The CBT Bible: Feeling Good
I have searched high and low for something this good at teaching you how to conquer negative self-talk, and NOTHING even comes close. You have to work at it. And go back to it. I'm having hard time in my life right now, and have been re-reading it and doing the writing exercises (you write down a negative thought, then label it and write a replacement thought), and it is helping immensely.
It's only $6, but if that's a financial hardship, PM me, and I'll send you a copy if you're interested.
You need this book .
It was recommended to me by my therapist. It changed my life permanently for the better. Now, when I feel depressed it's because of events happening around me, not negative thought patterns in my head.
If you can be honest with yourself while answering self-assessment questions, and can read a minimum of ~50 pages (first chapter), you could be one trip to the library away from understanding why you're down on yourself, and getting the tools to stop that behavior...forever.
>smart person and very capable of personal success and progress, but they tend to be TOO self analytical, and fears rejection and change to the point of constant procrastination, resulting in a real lack of motivation. We've also discussed some signs of depression,
I think Feeling Good: The New Mood Therapy sounds perfect for them. Definitely helped me with a lot of the same stuff.
Another vote for professional therapy for yourself and possibly together with your husband. It will help you both so much.
If you can't afford/find a professional therapist, LDS Family Services can help (although I think I would recommend outside of that first) or it can be found online for cheaper.
At the very, very least, pick up a copy of the cognitive behavior therapy bible, Feeling Good , and a notebook and read it. Do the exercises, take notes. It will help.
First: So what are you going to do to change it?
Second Here's a book that was recommended to me by my therapist .
This book (the first fifty pages) changed my outlook on life, got me off anti-depressants, and gave me the tools to beat back depression. It sounds like you might benefit from reading at least the first chapter.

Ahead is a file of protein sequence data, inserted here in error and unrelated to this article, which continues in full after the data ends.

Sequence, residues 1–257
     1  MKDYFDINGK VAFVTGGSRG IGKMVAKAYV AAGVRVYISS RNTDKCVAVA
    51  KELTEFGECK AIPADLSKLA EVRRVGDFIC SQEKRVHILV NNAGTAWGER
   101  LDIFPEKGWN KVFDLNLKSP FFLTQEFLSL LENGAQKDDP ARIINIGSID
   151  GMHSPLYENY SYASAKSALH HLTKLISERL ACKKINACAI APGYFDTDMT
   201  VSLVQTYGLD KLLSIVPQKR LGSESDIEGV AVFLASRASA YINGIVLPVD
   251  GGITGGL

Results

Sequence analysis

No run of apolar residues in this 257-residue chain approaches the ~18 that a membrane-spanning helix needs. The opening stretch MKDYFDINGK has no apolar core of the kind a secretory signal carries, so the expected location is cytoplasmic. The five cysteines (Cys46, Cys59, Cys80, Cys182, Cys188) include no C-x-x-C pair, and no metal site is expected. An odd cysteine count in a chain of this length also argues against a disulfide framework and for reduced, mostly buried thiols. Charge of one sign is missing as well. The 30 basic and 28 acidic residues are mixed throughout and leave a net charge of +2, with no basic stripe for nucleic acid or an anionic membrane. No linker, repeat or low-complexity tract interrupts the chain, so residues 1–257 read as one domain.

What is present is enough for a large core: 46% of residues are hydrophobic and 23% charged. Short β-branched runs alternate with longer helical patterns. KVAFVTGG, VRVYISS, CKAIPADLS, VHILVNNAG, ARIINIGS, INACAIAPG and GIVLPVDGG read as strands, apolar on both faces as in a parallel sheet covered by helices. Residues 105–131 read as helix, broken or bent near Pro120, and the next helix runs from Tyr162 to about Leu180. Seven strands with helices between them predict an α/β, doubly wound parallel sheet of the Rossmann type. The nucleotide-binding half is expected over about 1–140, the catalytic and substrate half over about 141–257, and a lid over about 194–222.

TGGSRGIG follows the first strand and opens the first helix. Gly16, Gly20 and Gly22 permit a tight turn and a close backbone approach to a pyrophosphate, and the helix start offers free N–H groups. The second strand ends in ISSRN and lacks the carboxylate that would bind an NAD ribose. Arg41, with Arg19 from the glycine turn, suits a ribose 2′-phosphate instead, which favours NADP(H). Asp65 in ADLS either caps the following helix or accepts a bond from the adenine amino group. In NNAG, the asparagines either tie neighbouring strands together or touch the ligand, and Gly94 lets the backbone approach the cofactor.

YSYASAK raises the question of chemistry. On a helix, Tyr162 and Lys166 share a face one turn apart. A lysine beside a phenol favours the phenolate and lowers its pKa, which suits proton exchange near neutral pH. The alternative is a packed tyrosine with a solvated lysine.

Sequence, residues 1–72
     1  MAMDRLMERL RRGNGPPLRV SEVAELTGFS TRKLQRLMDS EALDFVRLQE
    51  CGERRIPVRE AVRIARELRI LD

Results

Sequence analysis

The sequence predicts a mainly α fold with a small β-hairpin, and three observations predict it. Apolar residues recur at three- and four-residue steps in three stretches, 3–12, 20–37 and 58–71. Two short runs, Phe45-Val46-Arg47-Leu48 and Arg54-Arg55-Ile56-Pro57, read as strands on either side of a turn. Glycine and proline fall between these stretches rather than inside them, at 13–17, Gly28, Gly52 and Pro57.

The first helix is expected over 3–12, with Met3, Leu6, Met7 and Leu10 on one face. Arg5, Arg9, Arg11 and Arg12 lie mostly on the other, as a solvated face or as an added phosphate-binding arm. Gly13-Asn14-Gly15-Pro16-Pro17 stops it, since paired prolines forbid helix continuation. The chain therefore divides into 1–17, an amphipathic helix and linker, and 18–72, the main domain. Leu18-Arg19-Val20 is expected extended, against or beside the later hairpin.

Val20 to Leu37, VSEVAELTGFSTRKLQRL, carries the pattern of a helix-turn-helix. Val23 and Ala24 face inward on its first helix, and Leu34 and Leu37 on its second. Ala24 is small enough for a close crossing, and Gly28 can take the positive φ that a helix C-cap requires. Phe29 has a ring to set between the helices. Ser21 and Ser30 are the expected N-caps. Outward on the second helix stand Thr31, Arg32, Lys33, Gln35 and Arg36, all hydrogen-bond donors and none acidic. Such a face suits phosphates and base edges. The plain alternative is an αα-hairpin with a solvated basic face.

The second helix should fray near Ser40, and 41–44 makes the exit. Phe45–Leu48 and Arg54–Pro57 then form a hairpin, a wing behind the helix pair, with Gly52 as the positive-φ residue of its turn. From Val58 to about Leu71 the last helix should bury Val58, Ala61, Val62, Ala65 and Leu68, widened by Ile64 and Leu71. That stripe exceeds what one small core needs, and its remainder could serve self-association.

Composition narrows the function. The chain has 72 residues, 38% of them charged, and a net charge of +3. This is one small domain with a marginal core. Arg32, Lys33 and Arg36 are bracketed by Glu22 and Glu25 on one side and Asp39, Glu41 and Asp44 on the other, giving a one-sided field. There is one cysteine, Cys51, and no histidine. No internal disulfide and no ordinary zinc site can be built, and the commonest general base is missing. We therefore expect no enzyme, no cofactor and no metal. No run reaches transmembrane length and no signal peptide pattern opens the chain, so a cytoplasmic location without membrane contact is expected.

It's been in print for over 20 years, so it's probably available at your local library.
@ OP: I have the solution. I guarantee it. "BS", you say? Nope. Here's the deal.
About a dozen years ago, I was depressed, always second-guessing my words and actions, worried to distraction about what other people might be thinking or saying about me. And then I'd start re-thinking the interactions of my workday, denigrating my personality as a lack of professionalism, and more.
This book was :
Directly responsible for me getting off anti-depressants totally.
Directly responsible for my ability to look at life as is, and deal with issues in a timely manner, like an adult.
The Reason I stopped self-defeating mental patterns that had been wasting my "thought time" as well as making me feel worthless, tired, anxious and unhappy.
It took me fifty pages. One chapter. There are several self-evaluation questions. (Full disclosure: Poster hates self-help books, but loves the "one-through-five" scale to rate, say, "emotional response to X"-type questionnaires). So however long it takes you to process data, (there's an audiobook of this, it's that good), you can expect positive results that may include physically uplifting reaction when you think about what the last couple of hours have taught you. Stuff you can use forever to prevent yourself from setting "negative mental precedent" which can turn into depression. Try it.